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Proprietary Name: (and dosage form:)
Composition: Each tablet contains:
A - 2.9 : Special analgesic combination
Lenapain tablets have analgesic, antipyretic and antihistaminic action.
Relief of mild to moderate pain associated with tension.
Sensitivity to any of the ingredients. The dosage in renal functional impairment must be reduced. Should be taken only with caution by asthmatics. Severe liver function impairment. Lenapain should not be administered to patients with acute intermittent porphyria. Asthma, respiratory depression especially in the presence of cyanosis and excessive bronchial secretion, head injuries and conditions in which intracranial pressure is raised, heart failure secondary to chronic lung disease, a history of cardiac disease, epilepsy, and all convulsive states, patients taking monoamine oxidase inhibitors or within 14 days of stopping such treatment, acute alcoholism. Lenapain should not be taken during pregnancy, nor whilst breast-feeding.
Dosages in excess of those recommended may cause severe liver damage. Patients suffering from liver or kidney disease should take Paracetamol under medical supervision. Consult your doctor if no relief is obtained with the recommended dosage. This medicine may lead to drowsiness and impaired concentration, which may be aggravated by simultaneous intake of alcohol or other central nervous system depressant agents. Patients should be warned against taking charge of vehicles or machinery and performing potentially hazardous tasks where loss of concentration may lead to accidents. Do not use continuously for longer than 10 days without consulting your doctor.
KEEP OUT OF REACH OF CHILDREN.
DOSAGE AND DIRECTIONS FOR USE:
Adults: One to two tablets every 4 to 6 hours. Do not exceed 8 tablets per day.
SIDE-EFFECTS AND SPECIAL PRECAUTIONS:
The most common side-effect is sedation, varying from slight drowsiness to deep sleep, and including lassitude, dizziness and in-coordination. Other side-effects include gastro-intestinal disturbances such as nausea, vomiting, diarrhoea or constipation, anorexia or increased appetite and epigastric pain. Doxylamine succinate may also produce antimuscarinic effects including blurred vision, difficulty in micturition, dysuria, dryness of the mouth and tightness of the chest. Other central effects include hypotension, muscular weakness, tinnitus, euphoria or depression, headache, irritability and nightmares.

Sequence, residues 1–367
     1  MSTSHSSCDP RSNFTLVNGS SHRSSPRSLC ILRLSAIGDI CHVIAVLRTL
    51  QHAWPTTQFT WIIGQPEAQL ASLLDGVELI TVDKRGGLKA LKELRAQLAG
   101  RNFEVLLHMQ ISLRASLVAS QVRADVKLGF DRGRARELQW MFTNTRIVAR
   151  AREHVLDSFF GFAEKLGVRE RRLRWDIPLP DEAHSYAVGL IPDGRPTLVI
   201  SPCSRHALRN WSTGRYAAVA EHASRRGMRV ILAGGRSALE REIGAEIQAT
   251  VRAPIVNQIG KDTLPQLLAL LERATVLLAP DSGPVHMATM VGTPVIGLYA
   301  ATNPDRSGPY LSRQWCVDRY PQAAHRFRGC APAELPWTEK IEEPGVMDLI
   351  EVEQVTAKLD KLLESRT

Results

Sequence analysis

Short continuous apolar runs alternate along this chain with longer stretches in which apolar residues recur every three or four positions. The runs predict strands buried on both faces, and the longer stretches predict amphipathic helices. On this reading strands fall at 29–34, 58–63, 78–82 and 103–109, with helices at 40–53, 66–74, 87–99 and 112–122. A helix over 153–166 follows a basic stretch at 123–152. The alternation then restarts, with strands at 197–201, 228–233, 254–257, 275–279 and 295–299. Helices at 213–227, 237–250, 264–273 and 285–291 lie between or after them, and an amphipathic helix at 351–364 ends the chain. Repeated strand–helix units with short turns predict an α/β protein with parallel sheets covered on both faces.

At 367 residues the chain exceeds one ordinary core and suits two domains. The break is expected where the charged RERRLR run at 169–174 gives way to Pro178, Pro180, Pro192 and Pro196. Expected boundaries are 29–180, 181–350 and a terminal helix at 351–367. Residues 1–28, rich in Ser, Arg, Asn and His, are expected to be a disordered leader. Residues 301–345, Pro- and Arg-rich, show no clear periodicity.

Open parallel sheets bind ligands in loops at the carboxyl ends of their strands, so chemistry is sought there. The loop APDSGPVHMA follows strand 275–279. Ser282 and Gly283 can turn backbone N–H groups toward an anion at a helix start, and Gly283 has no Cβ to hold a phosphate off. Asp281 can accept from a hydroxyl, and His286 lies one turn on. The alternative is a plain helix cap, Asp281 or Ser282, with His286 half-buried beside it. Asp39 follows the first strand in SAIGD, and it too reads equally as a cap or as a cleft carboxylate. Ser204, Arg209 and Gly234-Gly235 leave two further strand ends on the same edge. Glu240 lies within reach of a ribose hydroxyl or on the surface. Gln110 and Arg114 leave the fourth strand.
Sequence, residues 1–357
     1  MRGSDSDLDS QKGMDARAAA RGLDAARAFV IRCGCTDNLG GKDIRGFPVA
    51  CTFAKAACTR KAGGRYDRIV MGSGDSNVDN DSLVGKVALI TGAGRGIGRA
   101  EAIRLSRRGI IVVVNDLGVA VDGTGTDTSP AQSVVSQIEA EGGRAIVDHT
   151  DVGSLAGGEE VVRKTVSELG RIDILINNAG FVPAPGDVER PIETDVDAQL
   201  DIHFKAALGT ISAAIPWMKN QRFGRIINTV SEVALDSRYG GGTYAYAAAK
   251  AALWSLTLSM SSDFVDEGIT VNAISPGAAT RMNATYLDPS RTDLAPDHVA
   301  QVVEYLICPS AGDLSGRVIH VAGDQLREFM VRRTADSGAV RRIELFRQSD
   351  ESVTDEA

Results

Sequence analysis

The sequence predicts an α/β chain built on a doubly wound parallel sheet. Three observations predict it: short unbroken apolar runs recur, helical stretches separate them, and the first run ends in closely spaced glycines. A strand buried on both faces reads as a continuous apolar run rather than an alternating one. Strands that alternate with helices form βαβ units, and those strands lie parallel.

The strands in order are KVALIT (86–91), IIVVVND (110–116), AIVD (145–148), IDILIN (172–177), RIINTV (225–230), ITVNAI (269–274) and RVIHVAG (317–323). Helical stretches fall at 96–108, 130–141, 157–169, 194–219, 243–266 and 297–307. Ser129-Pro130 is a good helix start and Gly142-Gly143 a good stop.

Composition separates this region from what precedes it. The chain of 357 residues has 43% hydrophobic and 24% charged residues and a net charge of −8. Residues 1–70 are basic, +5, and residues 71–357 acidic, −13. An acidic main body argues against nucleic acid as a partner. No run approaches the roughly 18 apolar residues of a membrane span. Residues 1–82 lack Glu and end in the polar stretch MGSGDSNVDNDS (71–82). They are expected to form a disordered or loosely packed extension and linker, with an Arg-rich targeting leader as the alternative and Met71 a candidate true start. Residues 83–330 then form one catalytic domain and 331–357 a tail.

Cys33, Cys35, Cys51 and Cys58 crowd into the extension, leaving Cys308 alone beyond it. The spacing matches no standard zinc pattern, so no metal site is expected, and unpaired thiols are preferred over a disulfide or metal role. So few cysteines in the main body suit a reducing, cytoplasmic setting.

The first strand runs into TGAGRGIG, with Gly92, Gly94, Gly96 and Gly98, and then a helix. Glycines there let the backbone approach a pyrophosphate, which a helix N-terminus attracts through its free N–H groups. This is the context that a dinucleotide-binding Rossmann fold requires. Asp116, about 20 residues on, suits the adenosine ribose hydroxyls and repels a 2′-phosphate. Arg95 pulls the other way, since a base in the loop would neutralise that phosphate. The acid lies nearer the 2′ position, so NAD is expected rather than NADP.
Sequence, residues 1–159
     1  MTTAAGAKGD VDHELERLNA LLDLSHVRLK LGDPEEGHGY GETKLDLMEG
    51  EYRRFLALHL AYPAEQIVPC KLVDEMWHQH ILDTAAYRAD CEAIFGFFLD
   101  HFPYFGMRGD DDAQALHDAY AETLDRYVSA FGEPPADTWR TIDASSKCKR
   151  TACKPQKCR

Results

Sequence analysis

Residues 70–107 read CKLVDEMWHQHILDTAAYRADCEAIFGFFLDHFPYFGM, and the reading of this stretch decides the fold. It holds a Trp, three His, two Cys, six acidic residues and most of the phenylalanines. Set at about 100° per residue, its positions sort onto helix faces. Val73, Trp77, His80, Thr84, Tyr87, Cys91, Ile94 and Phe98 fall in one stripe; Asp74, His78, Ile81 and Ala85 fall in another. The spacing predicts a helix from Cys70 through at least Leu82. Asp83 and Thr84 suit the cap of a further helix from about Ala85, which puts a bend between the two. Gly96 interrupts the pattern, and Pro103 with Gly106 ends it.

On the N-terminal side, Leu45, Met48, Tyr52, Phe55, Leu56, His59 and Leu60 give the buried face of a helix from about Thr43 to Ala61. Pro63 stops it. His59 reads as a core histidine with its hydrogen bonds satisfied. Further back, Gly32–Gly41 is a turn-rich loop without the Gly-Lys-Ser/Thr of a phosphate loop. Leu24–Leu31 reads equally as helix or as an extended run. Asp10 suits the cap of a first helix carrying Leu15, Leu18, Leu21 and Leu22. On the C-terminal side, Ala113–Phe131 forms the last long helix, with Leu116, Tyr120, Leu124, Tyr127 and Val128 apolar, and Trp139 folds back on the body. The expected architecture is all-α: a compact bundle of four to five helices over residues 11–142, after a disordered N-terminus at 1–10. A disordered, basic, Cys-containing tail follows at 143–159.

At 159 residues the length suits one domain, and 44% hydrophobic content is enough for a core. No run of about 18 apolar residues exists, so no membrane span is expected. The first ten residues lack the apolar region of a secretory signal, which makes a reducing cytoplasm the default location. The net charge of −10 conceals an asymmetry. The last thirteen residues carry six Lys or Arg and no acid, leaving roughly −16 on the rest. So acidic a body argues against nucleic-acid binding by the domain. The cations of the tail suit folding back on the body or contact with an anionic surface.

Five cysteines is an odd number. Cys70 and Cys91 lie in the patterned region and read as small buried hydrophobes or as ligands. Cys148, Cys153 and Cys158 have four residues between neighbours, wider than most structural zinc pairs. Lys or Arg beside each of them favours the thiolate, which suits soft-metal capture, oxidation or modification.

Paradoxical central nervous system stimulation may occur with insomnia, nervousness, tachycardia, tremors and convulsions. Doxylamine succinate may precipitate epileptiform seizures in patients with local lesions of the cerebral cortex.
Allergic reactions and cross-sensitivity to related medicines my occur. Blood disorders, including agranulocytosis, leucopenia and haemolytic anaemia have been reported.
Doxylamine should be used with care in the elderly, and in conditions such as closed-angle glaucoma, urinary retention, liver impairment, prostatic hypertrophy or pyloroduodenal obstruction.
Use with care in cardiac failure, hypertension, oedema and cardiovascular disease.
Doxylamine succinate may enhance the sedative effects of central nervous system depressants including alcohol, tricyclic antidepressants, barbiturates, hypnotics, narcotic analgesics, sedatives and tranquillisers. Monoamine oxidase (MAO) inhibitors may enhance the antimuscarinic effects of doxylamine succinate, and it has additive effects with other antimuscarinic agents, such as atropine and tricyclic antidepressants. It has been suggested that doxylamine succinate could mask the warning signs of damage caused by ototoxic medicines such as aminoglycoside antibiotics.
The most common side-effects are nausea, vomiting, constipation, drowsiness and confusion, tolerance usually develops with long-term use, but not to constipation. Micturition may be difficult and there may be ureteric or billiary spasm as well as an antidiuretic effect. Dry mouth, facial flushing, vertigo, bradycardia, palpitations, orthostatic hypotension, hypothermia, restlessness, changes of mood, hallucinations and miosis may occur. These effects are more common in ambulant patients and in those without severe pain. Raised intracranial pressure occurs in some patients. Its euphoric activity has led to abuse. A dose-related histamine-releasing effect which may be responsible in part for reactions such as urticaria, pruritis as well as hypotension and flushing may occur.
Monoamine oxidase (MAO) inhibitors or within 14 days of taking such a treatment. The depressant effects of codeine are enhanced by depressants such as alcohol, anaesthetics, hypnotics, sedatives, tricyclic antidepressants and phenothiazines. The gastro-intestinal effects may delay absorption as with mexiletine or may be counteractive as with metoclopramide.